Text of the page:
The yen got its way


Third time's the charm. Did the Bank of Japan intervene in the Forex market for the third time in the past two and a half weeks? Or was the sharp decline in USD/JPY solely the result of slowing US inflation? Whatever the case, the drop certainly lifted the spirits of both the government and the central bank. Their fight against speculators is about to succeed, much like in 2022. Back then, the Federal Reserve's reluctance to raise the federal funds rate as aggressively as investors had expected provided the necessary relief. Hopes for a rate cut are returning to the markets this May.

Japan's dependence on energy imports makes a weak yen a serious problem for the economy. The country's GDP contracted by 0.5% quarter-on-quarter and 2% year-on-year in the first quarter. The sluggish economic growth frustrates the population and haunts the government. This poor performance contrasts with the success of Japanese corporations, whose foreign earnings are converted into the significantly weakened yen of recent years. This allows stocks and indices to rise but leaves the authorities restless.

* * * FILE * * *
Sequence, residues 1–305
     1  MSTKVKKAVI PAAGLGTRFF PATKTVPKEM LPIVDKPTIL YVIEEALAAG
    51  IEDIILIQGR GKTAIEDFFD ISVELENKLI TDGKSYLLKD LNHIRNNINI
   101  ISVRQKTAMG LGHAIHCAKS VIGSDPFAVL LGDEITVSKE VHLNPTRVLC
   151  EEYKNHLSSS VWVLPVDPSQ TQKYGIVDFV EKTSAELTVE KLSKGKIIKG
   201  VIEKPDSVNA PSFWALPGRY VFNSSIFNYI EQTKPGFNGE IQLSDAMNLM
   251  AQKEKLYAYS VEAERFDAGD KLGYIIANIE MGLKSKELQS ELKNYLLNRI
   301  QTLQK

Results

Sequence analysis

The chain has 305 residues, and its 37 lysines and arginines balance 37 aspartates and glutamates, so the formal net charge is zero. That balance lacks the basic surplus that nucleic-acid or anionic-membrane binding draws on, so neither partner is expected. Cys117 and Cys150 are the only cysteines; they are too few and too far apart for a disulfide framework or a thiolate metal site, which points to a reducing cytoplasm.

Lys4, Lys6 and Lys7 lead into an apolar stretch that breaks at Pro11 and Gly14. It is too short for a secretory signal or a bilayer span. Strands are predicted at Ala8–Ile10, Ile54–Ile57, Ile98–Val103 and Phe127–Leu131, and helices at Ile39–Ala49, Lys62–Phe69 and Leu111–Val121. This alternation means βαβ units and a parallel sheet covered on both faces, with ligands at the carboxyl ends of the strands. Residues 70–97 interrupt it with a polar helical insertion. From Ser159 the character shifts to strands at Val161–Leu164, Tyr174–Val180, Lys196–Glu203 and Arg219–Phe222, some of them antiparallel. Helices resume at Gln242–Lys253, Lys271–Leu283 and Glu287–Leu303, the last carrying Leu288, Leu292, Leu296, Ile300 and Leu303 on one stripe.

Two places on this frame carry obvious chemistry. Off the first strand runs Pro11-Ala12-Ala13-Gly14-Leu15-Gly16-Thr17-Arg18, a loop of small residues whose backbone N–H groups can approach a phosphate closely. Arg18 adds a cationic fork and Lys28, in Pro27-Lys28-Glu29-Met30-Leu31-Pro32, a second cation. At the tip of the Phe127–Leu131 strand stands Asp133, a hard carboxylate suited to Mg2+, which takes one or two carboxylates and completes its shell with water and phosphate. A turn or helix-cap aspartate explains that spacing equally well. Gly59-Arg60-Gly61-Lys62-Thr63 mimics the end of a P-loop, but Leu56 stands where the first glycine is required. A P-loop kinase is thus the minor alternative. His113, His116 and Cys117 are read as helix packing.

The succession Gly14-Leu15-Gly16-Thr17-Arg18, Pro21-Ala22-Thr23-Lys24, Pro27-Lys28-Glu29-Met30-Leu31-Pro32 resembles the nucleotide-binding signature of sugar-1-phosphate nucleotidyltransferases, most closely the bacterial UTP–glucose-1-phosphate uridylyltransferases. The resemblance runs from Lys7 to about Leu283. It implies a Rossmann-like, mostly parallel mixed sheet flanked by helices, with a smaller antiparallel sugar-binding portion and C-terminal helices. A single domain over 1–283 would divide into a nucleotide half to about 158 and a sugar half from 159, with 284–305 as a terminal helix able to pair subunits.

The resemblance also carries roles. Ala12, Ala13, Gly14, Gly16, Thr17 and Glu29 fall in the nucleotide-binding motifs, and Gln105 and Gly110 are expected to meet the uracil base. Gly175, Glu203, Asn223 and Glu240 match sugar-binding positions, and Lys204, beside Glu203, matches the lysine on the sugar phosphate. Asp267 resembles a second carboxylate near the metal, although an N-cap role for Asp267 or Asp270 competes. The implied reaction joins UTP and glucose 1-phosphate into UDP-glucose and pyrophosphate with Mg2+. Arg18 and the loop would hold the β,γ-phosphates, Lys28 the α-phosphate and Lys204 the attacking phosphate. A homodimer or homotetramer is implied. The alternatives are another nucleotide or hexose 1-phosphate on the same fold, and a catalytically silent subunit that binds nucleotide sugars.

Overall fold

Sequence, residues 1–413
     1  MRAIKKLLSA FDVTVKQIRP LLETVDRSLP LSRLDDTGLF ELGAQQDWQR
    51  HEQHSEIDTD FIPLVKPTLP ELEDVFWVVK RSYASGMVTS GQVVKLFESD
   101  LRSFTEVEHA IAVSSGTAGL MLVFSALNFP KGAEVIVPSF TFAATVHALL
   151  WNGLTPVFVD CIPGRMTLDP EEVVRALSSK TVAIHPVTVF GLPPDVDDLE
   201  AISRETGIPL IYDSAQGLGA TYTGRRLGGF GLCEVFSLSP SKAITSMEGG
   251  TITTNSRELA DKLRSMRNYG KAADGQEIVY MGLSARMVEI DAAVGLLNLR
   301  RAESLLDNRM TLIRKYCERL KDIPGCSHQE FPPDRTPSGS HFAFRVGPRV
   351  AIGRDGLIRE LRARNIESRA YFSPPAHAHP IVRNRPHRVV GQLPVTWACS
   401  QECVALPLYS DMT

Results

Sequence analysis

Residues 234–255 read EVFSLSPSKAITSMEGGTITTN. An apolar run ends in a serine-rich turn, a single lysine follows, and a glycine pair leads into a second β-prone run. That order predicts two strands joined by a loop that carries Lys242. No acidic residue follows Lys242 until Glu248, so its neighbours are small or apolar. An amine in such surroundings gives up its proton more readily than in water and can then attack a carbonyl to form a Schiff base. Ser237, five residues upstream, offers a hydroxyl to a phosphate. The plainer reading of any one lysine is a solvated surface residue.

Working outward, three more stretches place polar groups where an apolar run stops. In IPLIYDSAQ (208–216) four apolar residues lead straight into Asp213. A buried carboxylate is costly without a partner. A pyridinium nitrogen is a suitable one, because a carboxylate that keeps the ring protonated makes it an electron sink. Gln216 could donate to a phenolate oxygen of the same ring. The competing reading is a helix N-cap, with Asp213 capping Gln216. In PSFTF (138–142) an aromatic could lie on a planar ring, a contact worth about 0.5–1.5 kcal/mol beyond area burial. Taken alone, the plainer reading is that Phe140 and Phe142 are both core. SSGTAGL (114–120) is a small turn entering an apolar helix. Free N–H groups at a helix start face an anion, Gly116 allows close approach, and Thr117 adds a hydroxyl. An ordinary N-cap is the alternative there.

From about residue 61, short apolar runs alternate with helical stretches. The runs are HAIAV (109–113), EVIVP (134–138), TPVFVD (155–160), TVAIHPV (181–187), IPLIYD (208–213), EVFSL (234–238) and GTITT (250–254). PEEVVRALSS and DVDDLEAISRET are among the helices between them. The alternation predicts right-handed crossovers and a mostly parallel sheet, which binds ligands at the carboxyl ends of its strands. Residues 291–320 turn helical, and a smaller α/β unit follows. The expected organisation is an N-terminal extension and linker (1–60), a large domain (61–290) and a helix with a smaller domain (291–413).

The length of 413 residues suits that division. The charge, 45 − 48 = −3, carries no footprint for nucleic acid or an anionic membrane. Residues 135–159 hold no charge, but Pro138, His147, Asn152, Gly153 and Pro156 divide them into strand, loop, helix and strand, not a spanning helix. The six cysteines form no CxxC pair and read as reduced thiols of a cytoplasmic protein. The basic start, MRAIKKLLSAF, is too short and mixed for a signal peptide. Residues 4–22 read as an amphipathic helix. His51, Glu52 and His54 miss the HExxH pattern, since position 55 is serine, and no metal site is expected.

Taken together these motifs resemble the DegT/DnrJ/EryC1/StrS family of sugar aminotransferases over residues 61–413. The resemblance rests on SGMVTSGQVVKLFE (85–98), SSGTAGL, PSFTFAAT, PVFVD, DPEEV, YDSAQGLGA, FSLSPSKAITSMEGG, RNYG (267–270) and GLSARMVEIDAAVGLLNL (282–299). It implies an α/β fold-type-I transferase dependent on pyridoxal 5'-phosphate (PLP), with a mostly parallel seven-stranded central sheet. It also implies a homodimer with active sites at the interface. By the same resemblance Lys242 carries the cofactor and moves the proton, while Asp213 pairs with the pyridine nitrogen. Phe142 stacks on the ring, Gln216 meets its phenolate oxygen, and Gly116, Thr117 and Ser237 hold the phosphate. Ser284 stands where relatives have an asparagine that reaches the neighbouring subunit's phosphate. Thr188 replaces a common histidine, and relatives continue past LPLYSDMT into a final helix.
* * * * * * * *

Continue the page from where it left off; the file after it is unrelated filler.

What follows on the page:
Dynamics of Japan's private consumption and GDP


It's no surprise that the government and the central bank decided to engage in currency interventions. Approximately $60 billion was spent on two of these interventions, a similar amount to what was used at the end of 2022. However, this time, the speculators did not back down. They pushed USD/JPY higher for seven consecutive trading days before the US dollar plunged.

Official Tokyo should thank the overly bearish speculators on the yen, who began closing their long positions in USD/JPY as soon as things started to heat up. This was triggered by the news of US inflation slowing to 3.4% in April. This effectively quashed fears of a federal funds rate hike. The futures market is now betting on rate cuts at two FOMC meetings—in September and December. This allows Treasury yields to fall and it also supports the yen against the US dollar.

According to Daiwa Securities, the Forex situation resembles last November when slowing US inflation led to falling Treasury yields and USD/JPY rates. Credit Agricole says that the pair is the most sensitive in the currency market to declines in US bond yields, so it could move south very quickly. Monex believes that it is unlikely to drop below 150 until the Fed eases its monetary policy.


In my opinion, the USD/JPY uptrend has been broken due to the return of the divergence theme in the monetary policies of the Fed and the BOJ in the Forex market.

Technically, there is a 1-2-3 pattern on the daily chart. According to the rules of harmonious trading, its target is located near the 149.5 mark. It makes sense to hold and increase the short positions on the US dollar against the Japanese yen, formed from 156.3, during pullbacks.

The material has been provided by InstaForex Company - #

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